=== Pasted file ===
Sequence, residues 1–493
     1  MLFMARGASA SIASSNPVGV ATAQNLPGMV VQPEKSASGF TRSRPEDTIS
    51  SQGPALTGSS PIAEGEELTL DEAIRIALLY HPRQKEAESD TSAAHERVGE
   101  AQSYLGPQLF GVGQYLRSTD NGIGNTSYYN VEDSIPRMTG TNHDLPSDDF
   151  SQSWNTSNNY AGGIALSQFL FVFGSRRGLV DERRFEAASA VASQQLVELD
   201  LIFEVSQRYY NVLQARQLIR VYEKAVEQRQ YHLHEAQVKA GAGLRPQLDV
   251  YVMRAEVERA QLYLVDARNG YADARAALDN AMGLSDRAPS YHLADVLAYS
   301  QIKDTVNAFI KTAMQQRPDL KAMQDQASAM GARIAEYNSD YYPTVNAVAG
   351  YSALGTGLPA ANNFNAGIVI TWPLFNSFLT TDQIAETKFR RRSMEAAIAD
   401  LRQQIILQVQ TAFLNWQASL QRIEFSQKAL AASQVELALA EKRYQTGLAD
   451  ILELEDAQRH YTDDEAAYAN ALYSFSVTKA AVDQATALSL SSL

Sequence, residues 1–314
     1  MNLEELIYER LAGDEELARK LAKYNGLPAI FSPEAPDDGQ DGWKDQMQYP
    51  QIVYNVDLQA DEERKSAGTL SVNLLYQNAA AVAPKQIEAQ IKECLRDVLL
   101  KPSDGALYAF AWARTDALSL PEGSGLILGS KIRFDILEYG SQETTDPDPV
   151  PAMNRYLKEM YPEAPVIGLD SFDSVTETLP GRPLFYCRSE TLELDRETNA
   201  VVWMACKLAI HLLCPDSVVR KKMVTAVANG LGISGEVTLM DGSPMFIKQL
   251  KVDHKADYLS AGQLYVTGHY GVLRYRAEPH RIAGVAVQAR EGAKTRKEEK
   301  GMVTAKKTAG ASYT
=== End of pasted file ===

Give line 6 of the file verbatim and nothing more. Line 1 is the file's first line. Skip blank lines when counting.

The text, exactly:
   201  LIFEVSQRYY NVLQARQLIR VYEKAVEQRQ YHLHEAQVKA GAGLRPQLDV